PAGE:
Online presence – an oxymoron. Look for the written word

Many marketers still suffer from the ‘I want a web presence’ syndrome. They believe that having presence as a website and by advertising in online they have done good to their marketing plans. Alas! Web 2.0 as internet marketers prefer to call it, has a mind of its own. Did I hear “Jabulani”?

Web 2.0 is a complex matrix, interconnecting web tools and thus a wonderful platform for a meaningful conversation. For many users, tools like Facebook or Twitter starts as a ‘fun thing’. But the number of serious users who use these tools to speak about brands, offerings and what can now be termed ‘word of the written word’ a.k.a ‘www’ as a substitute for ‘word of mouth’ is not a joke anymore.

An article in a recent prominent daily mentioned how scared Bollywood is about ‘twitter’. Because the success (or the failure) of many movies are decided by Twitter and not trade reports anymore.

Should this be the case, how should one treat the online space? My two cents:

The web is the most democratic place in the world. However it affects (and gets affected) by the ‘real’ or brick & mortar world!
The online world is very democratic experience. Users have the power to say what they want and the power to accept / reject what the other users are saying. A living example is Shashi Tharoor. What led him to be the most talked about junior ministers also led him to his fall from grace.

The same media which eulogized his tweeting habits helping a little girl in faraway Trivandrum get monetary support bashed him with front page news over a scandal which cost him his ministerial job.

Lessons: Response – real time. Affects you in the real world and can continue to chase you for a while.

I heard a recent incident when a friend of mine tweeted about an issue with his iPhone and Apple started ‘following’ his tweets. Within a couple of days, Apple sent him a direct message with a link to upgrade his software. Response was real time and you have a customer who speaks about the brand. Online and offline!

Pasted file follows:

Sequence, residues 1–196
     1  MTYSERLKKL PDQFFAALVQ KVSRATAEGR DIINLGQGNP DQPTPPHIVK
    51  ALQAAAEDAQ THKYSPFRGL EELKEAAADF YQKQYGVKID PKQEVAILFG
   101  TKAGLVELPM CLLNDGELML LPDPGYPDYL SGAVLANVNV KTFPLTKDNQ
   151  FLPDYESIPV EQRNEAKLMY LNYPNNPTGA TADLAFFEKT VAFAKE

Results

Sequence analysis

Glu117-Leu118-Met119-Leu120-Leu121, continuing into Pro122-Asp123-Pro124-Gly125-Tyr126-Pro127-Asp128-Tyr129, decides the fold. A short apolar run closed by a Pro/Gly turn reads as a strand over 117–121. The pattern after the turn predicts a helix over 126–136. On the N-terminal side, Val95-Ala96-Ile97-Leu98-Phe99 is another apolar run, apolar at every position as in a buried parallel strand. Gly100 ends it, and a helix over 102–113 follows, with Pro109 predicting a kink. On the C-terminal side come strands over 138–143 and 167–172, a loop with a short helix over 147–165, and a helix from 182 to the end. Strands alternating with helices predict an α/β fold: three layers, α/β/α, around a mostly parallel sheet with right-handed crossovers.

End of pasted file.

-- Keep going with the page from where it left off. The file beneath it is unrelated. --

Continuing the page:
1. There are no rules. The rules are made as you go along
    Ever watched The Matrix – the movie? Morpheus tells Neo, “I can only show you the door. You have to walk through it”. These tools are available for you to use and with good knowledge! It is up to the marketer to make the rules. Since the online world is the best democracy, one will have people on both sides opining about every step of your way. However, if it does good to the brand, the rules are right. If it leads to continuous discomfort, it means that there is an immediate need for tweaking.
  2. The response is real time. So better be prepared to respond in real time
    The online space is extremely transparent and puts you on the pedestal immediately. Every move on the web is noticed by millions of users and provides them with an opportunity to react or respond to it immediately. A prominent blogger wrote about his good experience with an online travel portal and how helpful they were offline. The travel company’s response (which was real time) and the mix (online and offline response) coordinated well saved a potential disaster leading to a great experience. Result: Happy Customer. Now, get on your feet!
  3. Be a child. Learn everyday
    The online space changes the field every day. If one doesn’t learn and learn at the speed at which the world teaches you, chances are, that you are being left behind. So if you are still thinking ‘blogging about your offerings’ would be a great way to reach out to millions, think again. Twitter and Facebook have taken over a while back? And if we think Twitter and Facebook are permanent, maybe we would be wrong again.
  4. Product life cycle is short
    A interbrand report last year listed the top brands in the world and there are just three brands under the category ‘Internet services’ in the top 50 viz., Google (7), Amazon (43), and eBay (46). It is mighty difficult for an internet services company to sustain the pace with which users move. Add to it the cultural and geographic differences and the task becomes even difficult. It is important to re-invent and re-invest continuously to be up the curve. Google is a live example of that. Very few realize that Google offers thousands of services for the internet. Being a search engine is just one business vertical for the brand.
  5. Be up the curve and ride the wave
    Easier said than done! It is important for identifying patterns on user movement from one service to another. When Facebook was launched not many realized how big it is going to be! But now we see that applications within Facebook like ‘Mafia Wars’ and ‘Farmville’ (sounds outdated now!) are growing in numbers with millions of people joining everyday and thousands sustaining their stay! Maybe observing these patterns provide for excellent opportunities. Stupid how much ever it may sound, I believe that this is a fantastic opportunity for farming companies to provide ‘tools & ideas’ for Farmville users. There are many individuals who have taken a fancy to organic farming as a hobby and produce their own crop for their consumption. Providing tips to them and ‘virtual equipment’ would help growing their brand with them, however small the returns are now!

Well, thinking of a product line for ‘Mafia Wars’? How about Reid & Taylor suitings and Set Wet Gels? The big baddie is gifted by the mentor with Suitings and Gel to make him look cool!

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